Before I get to the word tolerate, here is another piece of proof that I am, indeed, a Word Nerd!

I remember holding my breath as my parents purchased a set of encyclopedias [yep…I’m old enough to remember when they still sold those]. The salesman was offering a discount if they added in Webster’s Third New International Dictionary! How cool is a dictionary that comes in three–count ’em, three–volumes! I was drooling.

It was Webster’s Third New International Dictionary, for one thing!!! Every spelling bee kid craves one of those!!!
It had a whole section devoted to etymologies, for another.
It had not one, but three, foreign language dictionaries.

My parents said yes, and the dictionary was mine. Well, technically it was theirs, since they paid for it and all, but you get my point.

The evolving nature of dictionaries has always fascinated me. I mean, a word is a word and it means what it means, right?

Not so fast! Let’s look at the word tolerate, for instance.

According to my Webster’s New World College Dictionary, tolerate comes from the Latin "tolerare" meaning to bear, sustain, tolerate. That comes from Indo-European root "tel-" meaning to lift up, bear. The Indo-Europeans in turn got that base word from the Latin "tollere"–to lift up. [It’s absolutely fascinating how words bridge back and forth between cultures, but then, I am the Word Nerd!]

The first definition for tolerate in my dictionary is "To not interfere with; allow; permit." I wonder if those people in our postmodern culture who believe they should be tolerated really want to be "born" like a trial or "sustained" like something weak or "allowed" like a small child.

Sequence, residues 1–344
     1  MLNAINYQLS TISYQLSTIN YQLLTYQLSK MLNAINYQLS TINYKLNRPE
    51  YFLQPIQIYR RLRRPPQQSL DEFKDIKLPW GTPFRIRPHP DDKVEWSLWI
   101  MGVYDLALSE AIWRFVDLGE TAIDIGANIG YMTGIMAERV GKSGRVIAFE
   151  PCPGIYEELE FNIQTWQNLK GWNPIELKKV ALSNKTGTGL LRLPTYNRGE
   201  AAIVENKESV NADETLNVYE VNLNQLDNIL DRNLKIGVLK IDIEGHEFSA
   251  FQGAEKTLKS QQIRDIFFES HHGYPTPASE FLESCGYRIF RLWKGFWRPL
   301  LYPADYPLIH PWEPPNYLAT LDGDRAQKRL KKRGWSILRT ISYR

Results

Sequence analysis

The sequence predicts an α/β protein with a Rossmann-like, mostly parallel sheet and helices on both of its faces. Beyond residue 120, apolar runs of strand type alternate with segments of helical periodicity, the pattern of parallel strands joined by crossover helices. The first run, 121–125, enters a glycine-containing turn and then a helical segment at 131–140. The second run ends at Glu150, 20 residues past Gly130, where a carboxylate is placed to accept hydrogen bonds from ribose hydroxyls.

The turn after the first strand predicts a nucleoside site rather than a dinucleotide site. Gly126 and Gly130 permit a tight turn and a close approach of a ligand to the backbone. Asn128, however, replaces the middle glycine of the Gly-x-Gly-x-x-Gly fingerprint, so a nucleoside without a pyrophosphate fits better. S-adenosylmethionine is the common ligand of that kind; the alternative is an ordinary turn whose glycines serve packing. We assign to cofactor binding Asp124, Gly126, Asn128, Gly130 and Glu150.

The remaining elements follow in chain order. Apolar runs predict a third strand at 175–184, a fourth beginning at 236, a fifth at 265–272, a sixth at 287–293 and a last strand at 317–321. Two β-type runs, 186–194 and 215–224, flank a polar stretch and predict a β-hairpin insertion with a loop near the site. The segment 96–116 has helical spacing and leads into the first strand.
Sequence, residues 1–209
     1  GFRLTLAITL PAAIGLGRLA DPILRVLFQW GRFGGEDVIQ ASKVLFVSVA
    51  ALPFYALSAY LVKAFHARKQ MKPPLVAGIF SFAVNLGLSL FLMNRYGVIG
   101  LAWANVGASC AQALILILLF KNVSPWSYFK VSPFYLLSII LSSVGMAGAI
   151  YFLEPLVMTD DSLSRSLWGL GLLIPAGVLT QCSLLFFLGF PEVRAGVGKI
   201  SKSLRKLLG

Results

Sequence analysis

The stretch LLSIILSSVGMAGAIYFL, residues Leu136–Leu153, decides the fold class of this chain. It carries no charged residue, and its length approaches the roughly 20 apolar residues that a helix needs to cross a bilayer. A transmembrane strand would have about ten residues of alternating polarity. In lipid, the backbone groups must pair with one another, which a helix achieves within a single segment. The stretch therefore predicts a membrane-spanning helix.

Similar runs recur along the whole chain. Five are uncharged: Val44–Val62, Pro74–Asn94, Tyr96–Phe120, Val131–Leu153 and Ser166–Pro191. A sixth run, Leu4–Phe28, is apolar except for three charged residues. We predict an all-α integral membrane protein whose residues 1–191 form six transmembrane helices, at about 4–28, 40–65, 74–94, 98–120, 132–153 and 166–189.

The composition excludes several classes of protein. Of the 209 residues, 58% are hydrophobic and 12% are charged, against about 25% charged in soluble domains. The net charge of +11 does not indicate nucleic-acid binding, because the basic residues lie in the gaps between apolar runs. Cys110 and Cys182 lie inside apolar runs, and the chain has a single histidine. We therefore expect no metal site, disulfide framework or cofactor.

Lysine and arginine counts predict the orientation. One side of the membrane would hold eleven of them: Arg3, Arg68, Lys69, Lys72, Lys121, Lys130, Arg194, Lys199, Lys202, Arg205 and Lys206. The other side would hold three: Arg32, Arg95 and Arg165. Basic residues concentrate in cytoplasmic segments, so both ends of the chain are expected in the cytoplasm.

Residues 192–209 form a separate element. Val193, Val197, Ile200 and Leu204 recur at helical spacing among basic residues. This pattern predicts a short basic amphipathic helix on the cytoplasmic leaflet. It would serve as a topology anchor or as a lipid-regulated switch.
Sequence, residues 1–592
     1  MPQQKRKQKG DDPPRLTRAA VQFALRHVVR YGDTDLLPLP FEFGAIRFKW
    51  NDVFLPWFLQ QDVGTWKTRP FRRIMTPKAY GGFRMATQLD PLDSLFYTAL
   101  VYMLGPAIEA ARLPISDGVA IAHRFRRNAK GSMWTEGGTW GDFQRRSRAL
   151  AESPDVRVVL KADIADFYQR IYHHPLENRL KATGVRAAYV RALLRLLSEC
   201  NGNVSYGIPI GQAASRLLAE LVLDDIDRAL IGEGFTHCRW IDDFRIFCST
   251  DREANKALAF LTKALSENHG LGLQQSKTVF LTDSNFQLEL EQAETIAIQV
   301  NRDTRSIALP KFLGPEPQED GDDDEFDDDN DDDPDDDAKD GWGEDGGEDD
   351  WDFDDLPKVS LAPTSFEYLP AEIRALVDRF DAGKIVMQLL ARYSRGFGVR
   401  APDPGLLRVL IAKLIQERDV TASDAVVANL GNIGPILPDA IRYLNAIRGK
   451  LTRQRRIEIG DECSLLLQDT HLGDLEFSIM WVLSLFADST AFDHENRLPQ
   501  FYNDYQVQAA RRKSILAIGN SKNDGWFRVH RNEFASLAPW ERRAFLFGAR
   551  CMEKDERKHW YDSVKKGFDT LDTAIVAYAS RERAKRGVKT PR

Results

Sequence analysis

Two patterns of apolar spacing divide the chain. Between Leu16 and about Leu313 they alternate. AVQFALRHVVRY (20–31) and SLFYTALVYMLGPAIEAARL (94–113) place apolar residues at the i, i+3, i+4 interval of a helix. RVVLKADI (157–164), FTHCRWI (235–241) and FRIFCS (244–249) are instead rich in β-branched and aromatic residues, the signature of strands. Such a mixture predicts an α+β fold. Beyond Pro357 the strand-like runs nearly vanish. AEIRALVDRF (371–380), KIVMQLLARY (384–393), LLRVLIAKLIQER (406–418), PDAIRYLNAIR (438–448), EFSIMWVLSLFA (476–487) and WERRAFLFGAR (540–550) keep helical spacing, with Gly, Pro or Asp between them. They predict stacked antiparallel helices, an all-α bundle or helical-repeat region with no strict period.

Personally, I want to be heard and accepted for what I am as an equal player on the field of ideas. I want to hear others’ ideas and butt my ideas up against theirs. I don’t want merely to be born, or allowed–as though I, or any American, need permission to exist in the Marketplace of Ideas!

What a measley concept, and condescending to the one being tolerated, akin to being patted on the head like a good girl or good boy.

The second definition of tolerate is "to recognize and respect (others’ beliefs, practices, etc.) without sharing them." Now that sounds like being equals in the Marketplace of Ideas that is our America.

Noah Webster’s 1828 Dictionary (,tolerate) says tolerate means, "To suffer to be or to be done without prohibition or hinderance; to allow or permit negatively, by not preventing; not to restrain; as, to tolerate opinions or practices."

Notice how the "allowing and not preventing" was the second definition back in Noah Webster’s time. Although, I’m not sure I’d want people to "suffer" through my ideas, either. 🙂 We use that word differently now, too.

Word usage shifts through time.

Next time, I’m going to take a look at some words suggested by readers.